This abbreviation formula expands easily to games with more players. A three-player game can be represented by six-digits (e.g. [111211]), where each pair of adjacent digits represents a single player, and each pair is ordered based on when players will take their turns. The leftmost pair represents the hands of the player about to take his turn; the middle pair represents the player who will go next, and so on. The rightmost pair represents the player who must wait the longest before his turn (usually because he just went).

## Moves

Under normal rules, there are a maximum of 14 possible moves:

Four attacks (A-C, A-D, B-C, B-D)
Four divisions (02-11, 03-12, 04-13, 04-22)
Six transfers (13-22, 22-13, 14-23, 23-14, 24-33, 33-24)

However, only 5 or less of these are available on a given turn. For example, the early position 1312 can go to 2213, 1313, 2413, 0113, or 1222.

## Variations

•Suicide: You are allowed to kill one of your own hands with a split. This allows for quicker defeations. For example, in the position [1201], you could execute 12-03, thus bringing the game to [0103]. The opponent is forced to play B-D, bringing the game to [0401], at which point you could swiftly finish him off.

•Swaps: If you have two unequal live hands, you may swap them (essentially forfeiting your turn).

•Sudden Death: You lose when you only have one finger left total. Alternately, each player could begin with three lives, and every time they get down to [01], they lose a life.

•Meta: If your hands add up to over five, you can combine them, subtract five from the total, and then split up the remainder. For example, [44] adds up to 8. So under Meta rules, you can combine them into 8, which becomes 3, which you could then split into [12]. Therefore you could go from [44] to [12] in a single move. Meta unlocks 2 new possible moves (34-11, 44-12). If playing both Meta and Suicide, then 4 additional moves are unlocked (24-01, 33-01, 34-02, 44-03), for a total maximum of 20 possible moves.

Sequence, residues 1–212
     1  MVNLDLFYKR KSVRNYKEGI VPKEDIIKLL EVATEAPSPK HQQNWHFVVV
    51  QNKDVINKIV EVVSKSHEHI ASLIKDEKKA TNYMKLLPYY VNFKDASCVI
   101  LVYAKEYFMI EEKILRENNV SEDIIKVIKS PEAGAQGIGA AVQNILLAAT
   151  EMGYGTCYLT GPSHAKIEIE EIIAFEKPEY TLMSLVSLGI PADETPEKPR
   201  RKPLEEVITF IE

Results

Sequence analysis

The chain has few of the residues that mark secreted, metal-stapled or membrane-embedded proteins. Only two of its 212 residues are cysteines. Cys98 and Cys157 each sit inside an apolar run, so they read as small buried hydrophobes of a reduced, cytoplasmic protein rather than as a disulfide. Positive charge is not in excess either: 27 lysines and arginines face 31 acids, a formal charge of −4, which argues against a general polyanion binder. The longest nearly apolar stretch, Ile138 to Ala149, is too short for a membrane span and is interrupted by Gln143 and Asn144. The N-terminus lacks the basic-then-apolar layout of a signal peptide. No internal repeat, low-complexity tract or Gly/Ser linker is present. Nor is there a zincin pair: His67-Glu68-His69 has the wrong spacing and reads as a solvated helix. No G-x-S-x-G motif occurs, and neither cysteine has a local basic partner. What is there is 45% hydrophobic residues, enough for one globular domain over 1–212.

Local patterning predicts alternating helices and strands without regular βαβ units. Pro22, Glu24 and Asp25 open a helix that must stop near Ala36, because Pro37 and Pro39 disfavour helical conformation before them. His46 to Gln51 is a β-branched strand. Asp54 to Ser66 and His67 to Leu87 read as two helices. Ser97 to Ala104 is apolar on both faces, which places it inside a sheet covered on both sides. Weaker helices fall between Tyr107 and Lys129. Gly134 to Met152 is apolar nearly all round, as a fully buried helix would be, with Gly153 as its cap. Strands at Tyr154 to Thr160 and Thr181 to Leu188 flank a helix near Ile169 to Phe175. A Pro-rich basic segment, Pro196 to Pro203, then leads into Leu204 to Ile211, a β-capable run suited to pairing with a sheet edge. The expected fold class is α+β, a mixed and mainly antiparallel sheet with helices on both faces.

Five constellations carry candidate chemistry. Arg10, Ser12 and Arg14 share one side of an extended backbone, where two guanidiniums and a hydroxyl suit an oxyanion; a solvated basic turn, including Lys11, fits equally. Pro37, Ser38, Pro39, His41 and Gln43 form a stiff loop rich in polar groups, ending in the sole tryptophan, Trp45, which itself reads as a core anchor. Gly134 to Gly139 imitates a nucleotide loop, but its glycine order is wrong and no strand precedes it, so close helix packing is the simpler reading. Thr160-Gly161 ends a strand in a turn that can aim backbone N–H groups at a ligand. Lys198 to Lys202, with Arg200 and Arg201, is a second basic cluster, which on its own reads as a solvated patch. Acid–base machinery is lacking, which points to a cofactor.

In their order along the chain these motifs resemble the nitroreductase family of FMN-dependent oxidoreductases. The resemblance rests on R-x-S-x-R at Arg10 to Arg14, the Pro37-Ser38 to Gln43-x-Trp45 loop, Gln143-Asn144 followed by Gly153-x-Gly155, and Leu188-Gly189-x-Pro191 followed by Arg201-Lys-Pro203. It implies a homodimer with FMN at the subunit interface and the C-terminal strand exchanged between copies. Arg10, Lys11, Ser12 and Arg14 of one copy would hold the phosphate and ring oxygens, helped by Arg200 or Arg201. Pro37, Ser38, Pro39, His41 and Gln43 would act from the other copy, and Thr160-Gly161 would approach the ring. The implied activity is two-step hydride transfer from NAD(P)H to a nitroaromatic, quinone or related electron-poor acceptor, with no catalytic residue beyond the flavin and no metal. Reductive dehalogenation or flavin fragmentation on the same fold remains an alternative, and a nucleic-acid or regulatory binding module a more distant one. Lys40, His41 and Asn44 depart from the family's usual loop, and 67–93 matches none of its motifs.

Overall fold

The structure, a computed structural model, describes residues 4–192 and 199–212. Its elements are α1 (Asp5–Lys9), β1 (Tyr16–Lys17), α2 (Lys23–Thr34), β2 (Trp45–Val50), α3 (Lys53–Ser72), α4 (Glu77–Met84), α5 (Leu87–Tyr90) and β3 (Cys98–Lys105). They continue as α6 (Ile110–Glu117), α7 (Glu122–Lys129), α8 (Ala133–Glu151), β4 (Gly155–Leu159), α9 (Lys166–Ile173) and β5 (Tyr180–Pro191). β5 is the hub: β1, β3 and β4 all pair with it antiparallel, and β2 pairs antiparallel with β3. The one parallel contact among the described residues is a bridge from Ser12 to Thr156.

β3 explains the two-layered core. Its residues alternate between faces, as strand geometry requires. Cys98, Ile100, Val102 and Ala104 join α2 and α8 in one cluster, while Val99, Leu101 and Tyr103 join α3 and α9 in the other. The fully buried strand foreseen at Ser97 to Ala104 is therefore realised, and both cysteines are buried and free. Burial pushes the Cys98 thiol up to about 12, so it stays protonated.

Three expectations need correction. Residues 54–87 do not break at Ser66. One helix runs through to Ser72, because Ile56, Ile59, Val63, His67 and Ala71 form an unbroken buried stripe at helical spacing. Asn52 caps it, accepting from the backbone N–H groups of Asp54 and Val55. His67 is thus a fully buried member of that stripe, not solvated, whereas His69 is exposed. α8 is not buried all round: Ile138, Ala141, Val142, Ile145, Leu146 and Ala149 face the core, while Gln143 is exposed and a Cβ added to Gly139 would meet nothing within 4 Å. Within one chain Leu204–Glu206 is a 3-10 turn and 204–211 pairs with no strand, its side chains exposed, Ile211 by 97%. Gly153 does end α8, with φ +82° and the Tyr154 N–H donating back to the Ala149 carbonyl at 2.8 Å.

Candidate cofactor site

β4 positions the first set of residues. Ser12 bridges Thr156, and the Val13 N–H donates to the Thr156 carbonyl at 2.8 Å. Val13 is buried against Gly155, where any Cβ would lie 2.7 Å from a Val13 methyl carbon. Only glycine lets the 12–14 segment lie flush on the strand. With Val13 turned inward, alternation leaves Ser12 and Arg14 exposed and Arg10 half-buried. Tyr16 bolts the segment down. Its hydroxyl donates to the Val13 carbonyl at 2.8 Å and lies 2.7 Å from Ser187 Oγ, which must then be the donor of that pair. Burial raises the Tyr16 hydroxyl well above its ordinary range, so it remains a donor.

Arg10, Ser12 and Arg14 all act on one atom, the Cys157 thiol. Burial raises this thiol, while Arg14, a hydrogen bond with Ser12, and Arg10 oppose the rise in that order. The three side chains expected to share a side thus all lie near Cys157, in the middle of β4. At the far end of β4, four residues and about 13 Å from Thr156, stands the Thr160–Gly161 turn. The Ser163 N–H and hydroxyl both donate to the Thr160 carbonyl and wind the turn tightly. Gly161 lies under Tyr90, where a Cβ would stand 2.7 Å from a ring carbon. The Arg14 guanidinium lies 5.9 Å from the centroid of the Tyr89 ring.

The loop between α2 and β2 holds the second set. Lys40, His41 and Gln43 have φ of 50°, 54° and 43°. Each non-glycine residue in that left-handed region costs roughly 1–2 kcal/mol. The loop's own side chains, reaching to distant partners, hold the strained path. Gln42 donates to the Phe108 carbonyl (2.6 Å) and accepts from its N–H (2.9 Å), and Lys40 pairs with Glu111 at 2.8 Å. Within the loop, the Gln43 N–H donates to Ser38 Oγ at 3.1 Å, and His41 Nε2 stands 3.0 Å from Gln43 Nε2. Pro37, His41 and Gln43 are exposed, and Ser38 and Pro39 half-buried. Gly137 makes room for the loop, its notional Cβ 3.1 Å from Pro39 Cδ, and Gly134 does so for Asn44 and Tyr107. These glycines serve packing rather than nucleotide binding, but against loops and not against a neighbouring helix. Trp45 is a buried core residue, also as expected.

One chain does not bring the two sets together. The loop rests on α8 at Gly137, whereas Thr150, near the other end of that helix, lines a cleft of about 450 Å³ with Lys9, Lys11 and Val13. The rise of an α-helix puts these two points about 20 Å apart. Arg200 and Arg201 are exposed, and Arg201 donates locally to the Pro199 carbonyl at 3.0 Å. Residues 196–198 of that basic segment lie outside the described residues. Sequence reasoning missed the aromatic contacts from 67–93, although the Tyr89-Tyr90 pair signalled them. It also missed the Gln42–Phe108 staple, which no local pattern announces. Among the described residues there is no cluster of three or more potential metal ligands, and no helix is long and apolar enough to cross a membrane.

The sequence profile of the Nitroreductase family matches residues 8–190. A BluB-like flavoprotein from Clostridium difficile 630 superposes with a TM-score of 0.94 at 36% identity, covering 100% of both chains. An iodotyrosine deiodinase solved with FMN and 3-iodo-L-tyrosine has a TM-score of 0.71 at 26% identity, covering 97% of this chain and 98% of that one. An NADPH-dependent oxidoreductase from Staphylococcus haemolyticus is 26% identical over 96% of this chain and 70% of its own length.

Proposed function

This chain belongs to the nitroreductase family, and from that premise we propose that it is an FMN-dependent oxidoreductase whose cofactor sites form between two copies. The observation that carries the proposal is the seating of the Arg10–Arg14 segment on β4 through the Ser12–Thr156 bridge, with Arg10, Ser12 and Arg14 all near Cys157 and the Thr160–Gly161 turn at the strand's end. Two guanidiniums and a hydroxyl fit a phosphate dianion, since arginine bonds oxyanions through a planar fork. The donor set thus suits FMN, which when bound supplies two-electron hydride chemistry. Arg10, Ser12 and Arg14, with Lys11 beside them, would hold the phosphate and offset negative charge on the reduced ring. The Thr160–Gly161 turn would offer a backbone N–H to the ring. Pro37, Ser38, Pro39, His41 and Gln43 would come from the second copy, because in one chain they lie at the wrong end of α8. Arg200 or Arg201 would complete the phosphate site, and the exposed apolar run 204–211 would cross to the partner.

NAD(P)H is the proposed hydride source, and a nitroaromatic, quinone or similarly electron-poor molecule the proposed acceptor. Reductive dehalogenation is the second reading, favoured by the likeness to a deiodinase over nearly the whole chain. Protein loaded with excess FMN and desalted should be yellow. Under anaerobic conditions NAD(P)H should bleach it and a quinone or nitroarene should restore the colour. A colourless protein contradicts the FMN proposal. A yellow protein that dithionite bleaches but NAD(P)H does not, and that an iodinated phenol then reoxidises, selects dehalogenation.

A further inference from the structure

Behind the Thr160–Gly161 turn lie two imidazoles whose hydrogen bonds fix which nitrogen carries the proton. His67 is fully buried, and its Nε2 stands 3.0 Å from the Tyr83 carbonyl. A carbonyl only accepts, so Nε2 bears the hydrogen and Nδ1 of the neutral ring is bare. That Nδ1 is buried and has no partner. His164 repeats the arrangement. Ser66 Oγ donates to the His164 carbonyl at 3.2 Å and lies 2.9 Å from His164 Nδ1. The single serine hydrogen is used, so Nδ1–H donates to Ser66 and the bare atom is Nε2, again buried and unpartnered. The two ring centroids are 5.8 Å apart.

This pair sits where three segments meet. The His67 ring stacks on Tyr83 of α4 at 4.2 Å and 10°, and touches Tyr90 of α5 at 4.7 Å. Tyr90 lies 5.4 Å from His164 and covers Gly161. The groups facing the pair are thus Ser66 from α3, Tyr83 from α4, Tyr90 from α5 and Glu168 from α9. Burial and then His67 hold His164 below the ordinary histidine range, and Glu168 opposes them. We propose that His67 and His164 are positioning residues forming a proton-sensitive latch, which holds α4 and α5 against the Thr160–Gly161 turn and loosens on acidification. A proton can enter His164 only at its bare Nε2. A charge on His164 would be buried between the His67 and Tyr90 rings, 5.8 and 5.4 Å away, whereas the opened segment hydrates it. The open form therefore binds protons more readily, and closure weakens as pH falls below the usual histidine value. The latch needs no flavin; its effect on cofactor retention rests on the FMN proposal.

•Logan Clause: You are allowed to suicide and swap, but only if you do both at the same time (i.e. swap your dead hand for your live one).

•Cutoff: If a hand gets above 5 fingers, it is dead.

•Zombies: In 3 or more players, if a player is knocked out, then he is permanently reduced to 1 finger on 1 hand. On his turn, he may attack, but he may not split or be attacked.

•Halvesies: Splitting is only allowed if you are dividing an even number into two equal halves. Or optionally, an odd number being divided as evenly as possible (using whole numbers). In this variation the second player has a winning strategy (can always force a win).[4]

•Stumps: If you are at [01], you are allowed to split to [0.5 0.5].

•Larger Numbers: Numerals from 1–9 are allowed, where a hand dies at 10. In this case, Chinese hand numerals are often used. This variation often includes roll-overs.

•Suns: Both players start with a 4 in each of their hands ([4444]). This is a position that is unreachable in normal gameplay (i.e. from the opening position [1111]).

## Positions

Since the roll-over amount is 5, chopsticks is a base-5 game. Each position is four digits long. Counting from 0000 to 4444 (in base-5) gives us 625 positions. However, most of these positions are incorrect notations (e.g. 0132, 1023, and 1032). They appear different but are functionally the same in gameplay. To find the number of functionally distinct positions, we simply square the number of functionally distinct pairs. There are 15 distinct pairs (00, 01, 02, 03, 04, 11, 12, 13, 14, 22, 23, 24, 33, 34, and 44). Since either player could have any of these pairs, we simply multiply 15*15, which gives us 225 functionally distinct positions.

There are 625 positions, including redundancies.
There are 225 functionally distinct positions.